It's official. Gov. John Hickenlooper announced Wednesday morning that the state will be appealing the judge's ruling in the Lobato v. State of Colorado education funding lawsuit.
Education News Colorado reports the Colorado State Board of Education voted 4-3 Tuesday morning to appeal the Denver District judge's ruling against the state.
"It is clear after closely reviewing the judge's decision in Lobato v. Colorado and consulting with Attorney General John Suthers that a final resolution of the constitutional and legal issues involved in the case require an appeal to the Colorado Supreme Court," Hickenlooper said in a press statement.
In his statement, Hickenlooper also said that there were "more appropriate venues" for a public debate about the state's school funding and that the judge's decision gave "little practical guidance on how the state should fund a 'thorough and uniform' system of public education."
In a report by Education News Colorado however, the State Board of Education adjourned their executive session meeting without voting yet on the appeal. Their next scheduled meeting is set for Dec. 27.
Kathy Gebhardt, the executive director of Children's Voices and the lead attorney on Lobato v. State of Colorado issued a statement yesterday to the Berthoud Recorder:
We are disappointed by the governor’s announcement today that the district judge’s ruling will be appealed. We call on the legislature to act during the upcoming session as kids are continuing to go to school in failing facilities, with outdated textbooks, and in overcrowded classrooms.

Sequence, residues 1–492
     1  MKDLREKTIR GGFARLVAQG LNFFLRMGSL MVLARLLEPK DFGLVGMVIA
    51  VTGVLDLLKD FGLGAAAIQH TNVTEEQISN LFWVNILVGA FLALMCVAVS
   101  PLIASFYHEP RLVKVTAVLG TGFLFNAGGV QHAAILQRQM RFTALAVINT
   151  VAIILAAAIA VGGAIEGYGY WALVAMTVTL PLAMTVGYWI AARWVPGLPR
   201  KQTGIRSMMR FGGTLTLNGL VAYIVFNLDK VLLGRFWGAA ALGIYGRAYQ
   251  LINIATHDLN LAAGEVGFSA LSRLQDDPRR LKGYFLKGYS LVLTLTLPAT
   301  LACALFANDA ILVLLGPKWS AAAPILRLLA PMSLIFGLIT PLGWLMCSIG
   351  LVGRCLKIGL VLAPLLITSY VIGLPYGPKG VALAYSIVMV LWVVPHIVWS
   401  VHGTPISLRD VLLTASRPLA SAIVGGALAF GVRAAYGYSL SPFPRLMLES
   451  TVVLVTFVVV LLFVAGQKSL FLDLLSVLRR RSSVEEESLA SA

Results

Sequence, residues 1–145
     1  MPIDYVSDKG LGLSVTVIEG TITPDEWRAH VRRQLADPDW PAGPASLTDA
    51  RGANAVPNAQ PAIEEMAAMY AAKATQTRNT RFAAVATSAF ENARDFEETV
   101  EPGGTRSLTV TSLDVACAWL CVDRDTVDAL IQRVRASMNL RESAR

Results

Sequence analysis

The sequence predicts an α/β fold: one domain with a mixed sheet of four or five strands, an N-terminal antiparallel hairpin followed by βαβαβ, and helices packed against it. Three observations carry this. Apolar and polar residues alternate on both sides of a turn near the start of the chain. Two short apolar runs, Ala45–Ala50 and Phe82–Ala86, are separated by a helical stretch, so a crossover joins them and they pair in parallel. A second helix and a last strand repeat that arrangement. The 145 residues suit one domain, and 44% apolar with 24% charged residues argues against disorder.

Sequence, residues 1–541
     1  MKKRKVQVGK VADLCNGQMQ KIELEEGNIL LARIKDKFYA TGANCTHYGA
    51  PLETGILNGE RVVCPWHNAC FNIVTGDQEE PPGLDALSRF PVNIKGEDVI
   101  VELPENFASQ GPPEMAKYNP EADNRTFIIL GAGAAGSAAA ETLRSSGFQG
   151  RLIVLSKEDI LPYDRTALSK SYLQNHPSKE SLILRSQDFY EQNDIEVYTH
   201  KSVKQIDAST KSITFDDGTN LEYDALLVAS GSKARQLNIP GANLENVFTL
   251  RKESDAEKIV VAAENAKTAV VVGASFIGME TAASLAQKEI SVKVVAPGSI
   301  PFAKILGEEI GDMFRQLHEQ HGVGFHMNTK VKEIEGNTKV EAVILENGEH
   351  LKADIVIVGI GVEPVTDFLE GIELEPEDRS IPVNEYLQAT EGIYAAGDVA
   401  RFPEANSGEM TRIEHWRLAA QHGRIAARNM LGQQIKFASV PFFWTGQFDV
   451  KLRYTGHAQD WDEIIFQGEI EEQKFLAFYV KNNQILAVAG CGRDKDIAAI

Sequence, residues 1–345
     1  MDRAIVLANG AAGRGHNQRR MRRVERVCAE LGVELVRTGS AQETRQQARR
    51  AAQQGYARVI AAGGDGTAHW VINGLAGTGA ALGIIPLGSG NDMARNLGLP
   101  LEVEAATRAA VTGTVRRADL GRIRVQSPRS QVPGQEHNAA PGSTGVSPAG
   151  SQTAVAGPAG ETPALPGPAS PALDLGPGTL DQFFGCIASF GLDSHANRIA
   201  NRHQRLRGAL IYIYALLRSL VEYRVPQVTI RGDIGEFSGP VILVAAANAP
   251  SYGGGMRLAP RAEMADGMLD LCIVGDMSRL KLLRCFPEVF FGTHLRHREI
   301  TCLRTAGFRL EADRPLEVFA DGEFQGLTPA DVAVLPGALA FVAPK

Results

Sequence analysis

Our children have been in these conditions for decades and should the legislature not act, these conditions will continue to exist. Justice delayed is education denied. We continue to invite the state to a robust discussion on how we solve this funding emergency, which will not change as long as the current funding system is in place. Significantly absent from Governor Hickenlooper’s comments is any defense of the current system.
Colorado has embarked on an ambitious reform agenda. This action assures that the state will continue to expect reform to proceed without sustainable resources.
An appeal would allow the legislature more time to keep the state's education funding system status quo, even though the funding outlook has gotten slightly more positive.
The Lobato lawsuit estimates that the state is shortchanging education by $2 to $4 billion a year, and just the day before the announcement about the state's intentions to appeal, Hickenlooper also announced that the state's revenue forecast was higher than expected. As a result, the need for an $89 million cut to K-12 education has been eliminated, and an extra $22 million could be granted to schools for enrollment increases.